WKU hopes 'blue collar' approach produces more wins

Coaches, players hope hard work pays off

Special to the Herald-LeaderAugust 29, 2011 

W Kentucky Nebraska Football

Western Kentucky Coach Willie Taggart, who addressed his players prior to the team's season opener against Nebraska last season, picked his team to finish first in the Sun Belt Conference.

NATI HARNIK — ASSOCIATED PRESS

It would be hard to tell the difference between members of Western Kentucky's football team and mechanics these days.

In fact, that would be a compliment to the Hilltoppers if that's how their play was described this season.

They've taken a "blue-collar" approach to this season, made official by second-year head coach Willie Taggart and his staff sporting blue work shirts during fall practices.

Senior defensive end Jared Clendenin said the blue shirts signified that the team is "going to work this year."

"Nothing pretty — we need to get grimy this year," said Clendenin, a senior who started all 12 games in 2010. "We've been working as a team since I've been here. I guess the blue collar means we've got to emphasize the work."

The Hilltoppers, as has been the case since they moved to the Football Bowl Subdivision two years ago, will have their work cut out for them.

With a schedule that features two Southeastern Conference teams — Kentucky and Louisiana State — and a Navy team that has been to eight straight bowl games, WKU will once again be faced with an uphill climb to win enough games to qualify for a bowl.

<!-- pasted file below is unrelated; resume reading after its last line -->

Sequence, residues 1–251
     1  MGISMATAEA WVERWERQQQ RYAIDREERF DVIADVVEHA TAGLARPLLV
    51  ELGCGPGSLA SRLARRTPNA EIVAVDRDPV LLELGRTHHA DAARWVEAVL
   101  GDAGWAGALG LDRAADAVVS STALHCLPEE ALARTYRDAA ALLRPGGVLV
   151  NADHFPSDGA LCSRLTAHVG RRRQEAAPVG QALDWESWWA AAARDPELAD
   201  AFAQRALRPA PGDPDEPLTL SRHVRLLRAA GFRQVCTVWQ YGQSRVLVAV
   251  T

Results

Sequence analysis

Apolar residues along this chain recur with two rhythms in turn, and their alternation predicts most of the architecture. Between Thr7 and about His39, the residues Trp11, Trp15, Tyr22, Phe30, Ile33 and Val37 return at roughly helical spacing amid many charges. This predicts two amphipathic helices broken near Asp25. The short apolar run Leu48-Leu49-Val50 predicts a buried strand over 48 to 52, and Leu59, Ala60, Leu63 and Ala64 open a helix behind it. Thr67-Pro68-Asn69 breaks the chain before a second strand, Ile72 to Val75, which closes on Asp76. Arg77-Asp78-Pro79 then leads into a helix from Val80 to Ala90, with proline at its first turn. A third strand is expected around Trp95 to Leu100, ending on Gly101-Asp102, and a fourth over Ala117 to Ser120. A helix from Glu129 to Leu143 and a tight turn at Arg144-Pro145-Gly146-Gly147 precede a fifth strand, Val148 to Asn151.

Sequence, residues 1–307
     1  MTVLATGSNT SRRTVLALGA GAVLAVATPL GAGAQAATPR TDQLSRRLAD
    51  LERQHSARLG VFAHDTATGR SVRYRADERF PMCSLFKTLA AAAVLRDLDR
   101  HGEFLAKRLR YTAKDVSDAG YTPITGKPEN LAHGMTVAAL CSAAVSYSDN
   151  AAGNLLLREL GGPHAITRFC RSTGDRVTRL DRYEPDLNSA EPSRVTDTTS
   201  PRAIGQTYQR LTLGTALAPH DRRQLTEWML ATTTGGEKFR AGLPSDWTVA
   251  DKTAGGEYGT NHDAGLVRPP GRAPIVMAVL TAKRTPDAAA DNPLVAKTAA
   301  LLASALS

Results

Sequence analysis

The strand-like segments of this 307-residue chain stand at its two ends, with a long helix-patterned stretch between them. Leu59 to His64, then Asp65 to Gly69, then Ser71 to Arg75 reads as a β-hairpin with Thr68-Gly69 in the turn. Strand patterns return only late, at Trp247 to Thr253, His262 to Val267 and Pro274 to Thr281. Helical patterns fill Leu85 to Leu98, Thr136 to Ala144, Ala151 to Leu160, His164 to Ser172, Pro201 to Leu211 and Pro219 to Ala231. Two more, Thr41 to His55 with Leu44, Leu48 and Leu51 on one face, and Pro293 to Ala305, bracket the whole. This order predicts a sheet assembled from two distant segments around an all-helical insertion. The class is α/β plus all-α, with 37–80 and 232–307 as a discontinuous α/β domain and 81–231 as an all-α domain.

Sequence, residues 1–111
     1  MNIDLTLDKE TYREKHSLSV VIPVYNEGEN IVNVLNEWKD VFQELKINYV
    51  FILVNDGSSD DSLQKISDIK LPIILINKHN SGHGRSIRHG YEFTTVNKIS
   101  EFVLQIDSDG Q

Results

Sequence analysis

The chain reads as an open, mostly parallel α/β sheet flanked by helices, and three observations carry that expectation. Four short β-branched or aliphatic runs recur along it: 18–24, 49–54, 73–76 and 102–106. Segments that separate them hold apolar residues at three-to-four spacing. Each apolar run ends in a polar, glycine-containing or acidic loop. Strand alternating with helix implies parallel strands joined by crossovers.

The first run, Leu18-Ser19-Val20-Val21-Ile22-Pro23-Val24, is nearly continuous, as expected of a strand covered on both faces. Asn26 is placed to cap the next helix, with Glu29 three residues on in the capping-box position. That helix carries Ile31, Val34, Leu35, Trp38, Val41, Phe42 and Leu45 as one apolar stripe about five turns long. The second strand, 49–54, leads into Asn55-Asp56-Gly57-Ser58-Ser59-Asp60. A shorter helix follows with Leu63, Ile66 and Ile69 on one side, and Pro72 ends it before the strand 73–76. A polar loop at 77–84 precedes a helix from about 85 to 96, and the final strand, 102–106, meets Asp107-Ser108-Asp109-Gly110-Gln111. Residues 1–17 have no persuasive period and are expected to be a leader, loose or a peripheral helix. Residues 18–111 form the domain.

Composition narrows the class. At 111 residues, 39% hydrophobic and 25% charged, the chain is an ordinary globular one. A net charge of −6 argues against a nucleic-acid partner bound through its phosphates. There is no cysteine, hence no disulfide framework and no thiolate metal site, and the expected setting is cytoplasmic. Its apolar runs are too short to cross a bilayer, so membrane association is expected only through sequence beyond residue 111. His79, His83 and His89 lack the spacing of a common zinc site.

While that schedule might make some people doubters, Taggart isn't one of them. He voted WKU to finish first in the Sun Belt Conference's pre-season coaches' poll — the only coach to do so.

He didn't do it out of pity for his team. He did it because he genuinely believes it.

"My pick was Western Kentucky University," Taggart said matter-of-factly at Sun Belt media day in July. "I think we have our plan and we feel like our plan is a perfect plan for success. If we stay on track and do the things we're asked to do, we'll be there sooner than later."

Part of the reason that Taggart has reason to believe what he says is because the personnel he has to work with that can help back it up.

Senior running back Bobby Rainey was named to three pre-season award watch lists after leading the nation in rush attempts last season with 340. He rushed for 1,649 yards and 15 touchdowns last season en route to being named Sun Belt Offensive Player of the Year.

Junior tight end Jack Doyle was named to the Mackey Award watch list — the award given to the nation's best tight end.

Defensively, although young in most areas, the Hilltoppers will be deep. With four defensive linemen returning, the linebacker and secondary positions have been up for grabs. But linebackers coach Karl Maslowski said filling those spots, especially at linebacker, won't be a problem.

"The depth we have at linebacker is almost too much," Maslowski said. "We've got to figure out something to get all these guys on the field. (Defensive Coordinator Lance) Guidry's got a few tricks up his sleeve that will expose that for us."

Guidry said the same depth is there with the defensive backs, as seven players are competing for four spots.

But most of all Guidry — who was made famous by giving a fiery speech to his Miami (Ohio) team when he was interim coach during the GoDaddy.com bowl last season — has brought a new level of intensity to the defense. He said it was an aspect that he saw was missing last season.

Taggart said he expects to see that intensity translate to his players on the field.

"We want to go out and hit people," he said. "Whenever that game is over with — no matter what the outcome is — we want people to say we were one of the hardest hitting football teams they ever played against."

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